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Sunday, March 13, 2011

Translucent Gubernatorial Longevity aka Discovering the secrets of really old politicians!

Alright, everyone. Day two of the words. Let's get into it.

First word!

TRANSLUCENT!

trans·lu·cent adj \-sənt\
Definition of TRANSLUCENT

1
: permitting the passage of light:
a : clear, transparent
b : transmitting and diffusing light so that objects beyond cannot be seen clearly
2
: free from disguise or falseness
— trans·lu·cent·ly adverb

Origin of TRANSLUCENT

Latin translucent-, translucens, present participle of translucēre to shine through, from trans- + lucēre to shine — more at light
First Known Use: 1607

1607, Jamestown is established. First town in the United States. Not sure what that has to do with light shining through, but let's just pretend it does.

Jebediah Hobbleward of England proclaimed, "The light of civilization shows through the translucent veil of savagery that is the New World..."

Wow, that sentence is rife with stereotyping, ethnocentrism, and whatever other bad word you can come up with to describe it. That Jebediah fellow was a jerk!

Second word!

LONGEVITY!

lon·gev·i·ty noun \län-ˈje-və-tē, lȯn-\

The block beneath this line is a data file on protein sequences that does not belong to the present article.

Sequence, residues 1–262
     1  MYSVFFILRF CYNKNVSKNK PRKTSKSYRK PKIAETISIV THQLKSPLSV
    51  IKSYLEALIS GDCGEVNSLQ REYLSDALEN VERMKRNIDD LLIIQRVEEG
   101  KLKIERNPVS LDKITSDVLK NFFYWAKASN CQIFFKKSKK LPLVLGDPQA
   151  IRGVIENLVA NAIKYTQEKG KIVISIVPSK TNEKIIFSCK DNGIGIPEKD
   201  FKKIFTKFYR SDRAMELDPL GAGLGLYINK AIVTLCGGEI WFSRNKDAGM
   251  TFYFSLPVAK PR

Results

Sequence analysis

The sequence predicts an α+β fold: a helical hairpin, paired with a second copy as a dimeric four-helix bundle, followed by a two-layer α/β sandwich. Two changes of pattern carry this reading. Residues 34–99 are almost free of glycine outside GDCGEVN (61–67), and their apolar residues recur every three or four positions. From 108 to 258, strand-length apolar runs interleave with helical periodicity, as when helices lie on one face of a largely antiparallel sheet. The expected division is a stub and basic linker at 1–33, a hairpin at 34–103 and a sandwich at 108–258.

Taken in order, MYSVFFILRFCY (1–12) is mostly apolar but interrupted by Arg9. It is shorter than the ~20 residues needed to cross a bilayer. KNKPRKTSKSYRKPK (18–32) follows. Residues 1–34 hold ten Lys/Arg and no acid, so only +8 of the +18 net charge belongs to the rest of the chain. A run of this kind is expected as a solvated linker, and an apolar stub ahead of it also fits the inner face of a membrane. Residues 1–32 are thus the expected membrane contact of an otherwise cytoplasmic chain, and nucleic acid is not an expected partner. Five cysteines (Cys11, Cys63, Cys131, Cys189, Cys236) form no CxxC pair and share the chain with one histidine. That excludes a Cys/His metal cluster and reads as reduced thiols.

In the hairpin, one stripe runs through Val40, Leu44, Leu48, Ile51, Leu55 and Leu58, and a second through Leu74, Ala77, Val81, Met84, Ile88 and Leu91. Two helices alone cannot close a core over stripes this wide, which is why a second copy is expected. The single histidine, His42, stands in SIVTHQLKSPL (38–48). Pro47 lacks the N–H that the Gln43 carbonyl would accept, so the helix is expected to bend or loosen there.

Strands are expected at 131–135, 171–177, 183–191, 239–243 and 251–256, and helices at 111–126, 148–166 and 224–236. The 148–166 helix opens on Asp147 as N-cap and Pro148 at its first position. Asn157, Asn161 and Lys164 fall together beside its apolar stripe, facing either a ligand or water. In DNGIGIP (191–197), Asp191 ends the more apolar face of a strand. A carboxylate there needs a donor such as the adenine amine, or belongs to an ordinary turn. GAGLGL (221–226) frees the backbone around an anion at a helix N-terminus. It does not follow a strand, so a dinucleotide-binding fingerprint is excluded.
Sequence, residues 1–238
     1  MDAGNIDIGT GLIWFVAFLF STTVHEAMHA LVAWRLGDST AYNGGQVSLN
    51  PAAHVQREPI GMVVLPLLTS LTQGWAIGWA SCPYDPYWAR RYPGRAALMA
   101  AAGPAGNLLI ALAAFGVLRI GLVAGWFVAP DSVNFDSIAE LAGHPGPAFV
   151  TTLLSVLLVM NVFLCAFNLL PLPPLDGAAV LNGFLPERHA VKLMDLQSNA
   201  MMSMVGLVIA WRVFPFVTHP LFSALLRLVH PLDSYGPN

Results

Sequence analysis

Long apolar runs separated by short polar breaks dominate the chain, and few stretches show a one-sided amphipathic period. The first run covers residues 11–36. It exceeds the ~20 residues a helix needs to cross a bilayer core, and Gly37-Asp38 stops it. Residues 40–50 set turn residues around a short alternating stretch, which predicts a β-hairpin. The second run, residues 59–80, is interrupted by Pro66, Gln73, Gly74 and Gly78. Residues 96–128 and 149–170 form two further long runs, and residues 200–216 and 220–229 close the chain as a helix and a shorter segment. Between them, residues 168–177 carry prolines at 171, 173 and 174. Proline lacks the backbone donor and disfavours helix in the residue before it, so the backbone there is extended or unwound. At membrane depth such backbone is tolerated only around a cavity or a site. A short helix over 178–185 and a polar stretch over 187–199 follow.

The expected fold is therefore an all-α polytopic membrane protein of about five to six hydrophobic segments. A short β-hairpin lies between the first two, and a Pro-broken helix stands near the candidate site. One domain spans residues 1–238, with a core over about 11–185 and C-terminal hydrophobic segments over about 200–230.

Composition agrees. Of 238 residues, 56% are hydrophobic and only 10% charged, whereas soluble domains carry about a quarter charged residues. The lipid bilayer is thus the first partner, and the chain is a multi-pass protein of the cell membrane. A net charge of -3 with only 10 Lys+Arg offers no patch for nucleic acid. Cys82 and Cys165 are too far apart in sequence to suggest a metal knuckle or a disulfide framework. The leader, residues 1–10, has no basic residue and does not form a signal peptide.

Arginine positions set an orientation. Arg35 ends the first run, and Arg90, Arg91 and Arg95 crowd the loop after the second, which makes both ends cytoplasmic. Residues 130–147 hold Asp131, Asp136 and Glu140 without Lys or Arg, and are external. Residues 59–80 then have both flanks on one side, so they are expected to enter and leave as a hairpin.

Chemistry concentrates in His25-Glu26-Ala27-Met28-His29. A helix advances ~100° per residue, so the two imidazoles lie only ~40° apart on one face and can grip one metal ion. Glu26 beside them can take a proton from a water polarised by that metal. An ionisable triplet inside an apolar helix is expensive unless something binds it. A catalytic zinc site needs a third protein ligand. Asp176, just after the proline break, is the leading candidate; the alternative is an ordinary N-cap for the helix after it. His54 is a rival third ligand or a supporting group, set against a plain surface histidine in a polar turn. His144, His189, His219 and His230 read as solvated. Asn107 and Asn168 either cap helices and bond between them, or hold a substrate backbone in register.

Definition of LONGEVITY

1
a : a long duration of individual life
b : length of life (a study of longevity)

2 : long continuance : permanence, durability

Origin of LONGEVITY

Late Latin longaevitas, from Latin longaevus long-lived, from longus long + aevum age — more at aye
First Known Use: 1615

Jebediah Hobbleward, being a devoted settler, had begun reciting a poem in 1607 on the glory of the exploration and settlement of the New World. Due to respiratory longevity and a mysterious combination of voodoo, witchcraft, and vampirism, he did not stop reciting that poem until his death in 1615.

Good god.


Third word!

GUBERNATORIAL!

gu·ber·na·to·ri·al adj
\ˌgü-bə(r)-nə-ˈtȯr-ē-əl, ˌgyü-, ˌgu̇-\
Definition of GUBERNATORIAL

: of or relating to a governor

Origin of GUBERNATORIAL

Latin gubernator governor, steersman, from gubernare to govern — more at govern
First Known Use: 1734

The gubernatorial race was extremely contentious in 1734, and the two candidates for governor were both quite popular with the people and expected to garner a large chunk of votes. However, in the end, the winner ended up being the great-grandson of the long forgotten Jebediah Hobbleward.

JEBEDIAH!? Goddamnit, dude, get out of my blog! Where's the number for that exorcist? I mean seriously.

Alright, while I try to remove some weird ghost from my hard drive, you children stay safe. Hopefully you enjoyed the words and the post. Do you have a favorite word that, for some reason, has stuck with you all these years?

Lat- My favorite word, or words rather, are Jebediah and Hobbleward.

AAAAARRRRRRGGGGGGH!!

3 comments:

  1. love the for transulecent. just by reading it i added a shine and glow to my vocabulary!

    ReplyDelete